For example, a radio base station, a user terminal, and so on according to one embodiment of the present disclosure may function as a computer that executes the processes of the radio communication method of the present disclosure. FIG. 9 is a diagram to show an example of a hardware structure of the radio base station and the user terminal according to one embodiment. Physically, the above-described radio base station 10 and user terminals 20 may each be formed as computer apparatus that includes a processor 1001, a memory 1002, a storage 1003, a communication apparatus 1004, an input apparatus 1005, an output apparatus 1006, a bus 1007, and so on.

Note that, in the following description, the word “apparatus” may be interpreted as “circuit,” “device,” “unit,” and so on. The hardware structure of the radio base station 10 and the user terminals 20 may be designed to include one or a plurality of apparatuses shown in the drawings, or may be designed not to include part of pieces of apparatus.

For example, although only one processor 1001 is shown, a plurality of processors may be provided. Furthermore, processes may be implemented with one processor or may be implemented at the same time, in sequence, or in different manners with one or more processors. Note that the processor 1001 may be implemented with one or more chips.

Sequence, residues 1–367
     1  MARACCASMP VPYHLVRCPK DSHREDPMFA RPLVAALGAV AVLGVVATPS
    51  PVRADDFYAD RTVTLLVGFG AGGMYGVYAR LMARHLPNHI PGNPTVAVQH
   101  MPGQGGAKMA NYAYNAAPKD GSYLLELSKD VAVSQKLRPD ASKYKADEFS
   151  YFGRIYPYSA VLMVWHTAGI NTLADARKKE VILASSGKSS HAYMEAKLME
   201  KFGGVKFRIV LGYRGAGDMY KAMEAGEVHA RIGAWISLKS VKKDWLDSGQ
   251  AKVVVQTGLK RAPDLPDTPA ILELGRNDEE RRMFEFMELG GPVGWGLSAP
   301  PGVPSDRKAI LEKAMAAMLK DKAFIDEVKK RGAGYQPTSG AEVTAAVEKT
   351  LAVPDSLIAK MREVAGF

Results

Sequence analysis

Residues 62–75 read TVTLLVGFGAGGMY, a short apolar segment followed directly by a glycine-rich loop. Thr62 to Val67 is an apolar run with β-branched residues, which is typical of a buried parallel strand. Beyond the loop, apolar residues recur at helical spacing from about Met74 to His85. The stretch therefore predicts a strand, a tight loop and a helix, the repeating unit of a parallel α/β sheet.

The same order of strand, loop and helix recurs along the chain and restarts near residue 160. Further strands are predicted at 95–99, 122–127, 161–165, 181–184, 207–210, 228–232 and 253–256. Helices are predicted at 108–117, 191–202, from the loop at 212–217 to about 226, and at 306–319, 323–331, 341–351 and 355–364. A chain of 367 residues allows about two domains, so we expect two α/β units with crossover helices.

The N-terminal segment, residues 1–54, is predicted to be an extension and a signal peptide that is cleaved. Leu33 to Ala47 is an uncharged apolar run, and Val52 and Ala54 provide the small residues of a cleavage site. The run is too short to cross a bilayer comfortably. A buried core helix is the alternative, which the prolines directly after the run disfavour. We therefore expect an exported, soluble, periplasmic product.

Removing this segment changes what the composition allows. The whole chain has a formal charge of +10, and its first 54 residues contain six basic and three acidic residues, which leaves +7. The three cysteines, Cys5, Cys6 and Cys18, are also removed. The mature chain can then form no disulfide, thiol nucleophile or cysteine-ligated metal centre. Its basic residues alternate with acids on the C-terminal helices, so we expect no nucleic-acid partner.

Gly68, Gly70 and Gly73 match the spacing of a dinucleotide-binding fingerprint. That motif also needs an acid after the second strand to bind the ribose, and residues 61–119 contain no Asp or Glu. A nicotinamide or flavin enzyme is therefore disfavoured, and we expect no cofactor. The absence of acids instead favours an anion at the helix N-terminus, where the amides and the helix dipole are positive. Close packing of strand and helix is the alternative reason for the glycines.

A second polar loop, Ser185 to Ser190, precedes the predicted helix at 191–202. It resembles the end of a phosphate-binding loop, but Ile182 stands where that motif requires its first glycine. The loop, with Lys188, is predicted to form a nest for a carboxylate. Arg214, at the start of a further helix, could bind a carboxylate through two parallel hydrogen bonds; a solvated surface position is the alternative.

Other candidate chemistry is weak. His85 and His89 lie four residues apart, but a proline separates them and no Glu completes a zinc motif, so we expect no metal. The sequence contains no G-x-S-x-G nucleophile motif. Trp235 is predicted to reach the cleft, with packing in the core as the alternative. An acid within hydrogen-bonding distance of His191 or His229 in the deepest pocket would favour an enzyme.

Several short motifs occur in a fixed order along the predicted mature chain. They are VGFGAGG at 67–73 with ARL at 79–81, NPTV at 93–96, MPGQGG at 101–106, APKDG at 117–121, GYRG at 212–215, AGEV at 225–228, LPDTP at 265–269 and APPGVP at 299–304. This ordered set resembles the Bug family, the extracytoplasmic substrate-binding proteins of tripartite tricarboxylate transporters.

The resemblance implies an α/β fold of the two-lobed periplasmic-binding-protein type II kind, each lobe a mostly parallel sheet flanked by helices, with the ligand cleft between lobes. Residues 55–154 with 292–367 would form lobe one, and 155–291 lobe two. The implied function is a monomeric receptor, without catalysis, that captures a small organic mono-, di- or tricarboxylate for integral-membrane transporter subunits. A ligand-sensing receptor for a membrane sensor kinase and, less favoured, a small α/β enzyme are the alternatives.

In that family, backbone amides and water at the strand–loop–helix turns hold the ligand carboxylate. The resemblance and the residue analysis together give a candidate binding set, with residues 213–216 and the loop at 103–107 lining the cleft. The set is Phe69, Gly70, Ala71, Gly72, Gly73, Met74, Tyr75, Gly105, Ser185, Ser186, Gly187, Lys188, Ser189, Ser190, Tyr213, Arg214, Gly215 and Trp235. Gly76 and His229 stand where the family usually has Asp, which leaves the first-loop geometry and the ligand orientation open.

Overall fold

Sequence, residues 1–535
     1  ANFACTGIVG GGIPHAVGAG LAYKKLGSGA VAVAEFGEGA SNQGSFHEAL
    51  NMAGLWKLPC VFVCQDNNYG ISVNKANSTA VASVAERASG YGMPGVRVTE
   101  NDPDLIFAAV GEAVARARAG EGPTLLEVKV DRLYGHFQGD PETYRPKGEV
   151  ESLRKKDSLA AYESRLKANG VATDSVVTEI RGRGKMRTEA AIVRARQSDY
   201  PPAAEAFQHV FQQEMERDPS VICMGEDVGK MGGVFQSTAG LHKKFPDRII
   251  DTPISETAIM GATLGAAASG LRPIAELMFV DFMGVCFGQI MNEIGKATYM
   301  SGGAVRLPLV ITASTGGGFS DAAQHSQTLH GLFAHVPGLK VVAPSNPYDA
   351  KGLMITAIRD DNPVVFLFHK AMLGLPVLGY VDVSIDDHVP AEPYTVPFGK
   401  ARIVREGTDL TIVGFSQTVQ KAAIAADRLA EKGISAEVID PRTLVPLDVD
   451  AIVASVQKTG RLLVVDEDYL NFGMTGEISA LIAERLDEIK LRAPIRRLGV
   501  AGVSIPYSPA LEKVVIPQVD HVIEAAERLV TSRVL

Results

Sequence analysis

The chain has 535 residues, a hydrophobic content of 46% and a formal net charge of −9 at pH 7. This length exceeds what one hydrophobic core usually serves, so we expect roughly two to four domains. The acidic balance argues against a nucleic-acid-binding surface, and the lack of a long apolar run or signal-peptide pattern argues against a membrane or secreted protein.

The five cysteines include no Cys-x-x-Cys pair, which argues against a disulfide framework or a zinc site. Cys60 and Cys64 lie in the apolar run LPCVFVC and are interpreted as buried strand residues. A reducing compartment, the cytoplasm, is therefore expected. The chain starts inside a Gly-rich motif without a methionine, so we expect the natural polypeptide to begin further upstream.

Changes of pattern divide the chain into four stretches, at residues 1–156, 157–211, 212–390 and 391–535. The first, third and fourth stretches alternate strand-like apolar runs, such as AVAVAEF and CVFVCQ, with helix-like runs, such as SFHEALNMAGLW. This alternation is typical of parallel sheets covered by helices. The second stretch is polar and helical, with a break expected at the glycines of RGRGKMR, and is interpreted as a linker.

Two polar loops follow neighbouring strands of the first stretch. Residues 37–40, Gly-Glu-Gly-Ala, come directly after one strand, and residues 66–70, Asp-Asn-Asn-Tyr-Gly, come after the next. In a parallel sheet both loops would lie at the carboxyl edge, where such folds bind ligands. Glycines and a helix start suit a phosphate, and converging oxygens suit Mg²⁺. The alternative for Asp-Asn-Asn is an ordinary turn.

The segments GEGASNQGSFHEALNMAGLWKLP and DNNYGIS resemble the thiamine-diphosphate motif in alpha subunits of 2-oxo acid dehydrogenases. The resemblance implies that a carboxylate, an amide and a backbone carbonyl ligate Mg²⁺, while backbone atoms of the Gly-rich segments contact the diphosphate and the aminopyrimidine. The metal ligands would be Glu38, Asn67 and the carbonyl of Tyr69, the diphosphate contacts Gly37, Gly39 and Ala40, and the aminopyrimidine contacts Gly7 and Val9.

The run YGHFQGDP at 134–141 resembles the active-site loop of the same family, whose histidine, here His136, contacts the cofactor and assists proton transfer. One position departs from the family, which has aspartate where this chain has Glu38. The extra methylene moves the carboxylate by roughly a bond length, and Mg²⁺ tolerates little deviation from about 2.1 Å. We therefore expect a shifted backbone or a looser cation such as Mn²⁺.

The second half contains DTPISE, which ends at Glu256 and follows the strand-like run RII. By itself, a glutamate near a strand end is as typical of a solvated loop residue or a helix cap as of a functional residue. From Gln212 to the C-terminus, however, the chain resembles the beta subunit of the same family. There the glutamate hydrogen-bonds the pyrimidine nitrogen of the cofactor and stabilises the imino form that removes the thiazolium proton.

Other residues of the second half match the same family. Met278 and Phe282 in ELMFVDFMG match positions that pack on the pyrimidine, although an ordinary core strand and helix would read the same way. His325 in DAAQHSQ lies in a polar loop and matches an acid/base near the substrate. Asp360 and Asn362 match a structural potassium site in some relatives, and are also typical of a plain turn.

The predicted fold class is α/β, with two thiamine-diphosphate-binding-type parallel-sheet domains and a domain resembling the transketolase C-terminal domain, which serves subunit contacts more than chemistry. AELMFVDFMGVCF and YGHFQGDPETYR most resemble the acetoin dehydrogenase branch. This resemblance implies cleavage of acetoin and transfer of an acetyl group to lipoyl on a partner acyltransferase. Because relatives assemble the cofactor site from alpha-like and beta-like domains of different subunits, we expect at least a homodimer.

Each function of the radio base station 10 and the user terminals 20 is implemented, for example, by allowing certain software (programs) to be read on hardware such as the processor 1001 and the memory 1002, and by allowing the processor 1001 to perform calculations to control communication via the communication apparatus 1004 and read and/or write data in the memory 1002 and the storage 1003.

The processor 1001 controls the whole computer by, for example, running an operating system. The processor 1001 may be configured with a central processing unit (CPU), which includes interfaces with peripheral apparatus, control apparatus, computing apparatus, a register, and so on. For example, the above-described baseband signal processing section 104 (204), call processing section 105, and so on may be implemented by the processor 1001.

Furthermore, the processor 1001 reads programs (program codes), software modules, data, and so on from the storage 1003 and/or the communication apparatus 1004, into the memory 1002, and executes various processes according to these. As for the programs, programs to allow computers to execute at least part of the operations of the above-described embodiments are used. For example, the control section 401 of each user terminal 20 may be implemented by control programs that are stored in the memory 1002 and that operate on the processor 1001, and other functional blocks may be implemented likewise.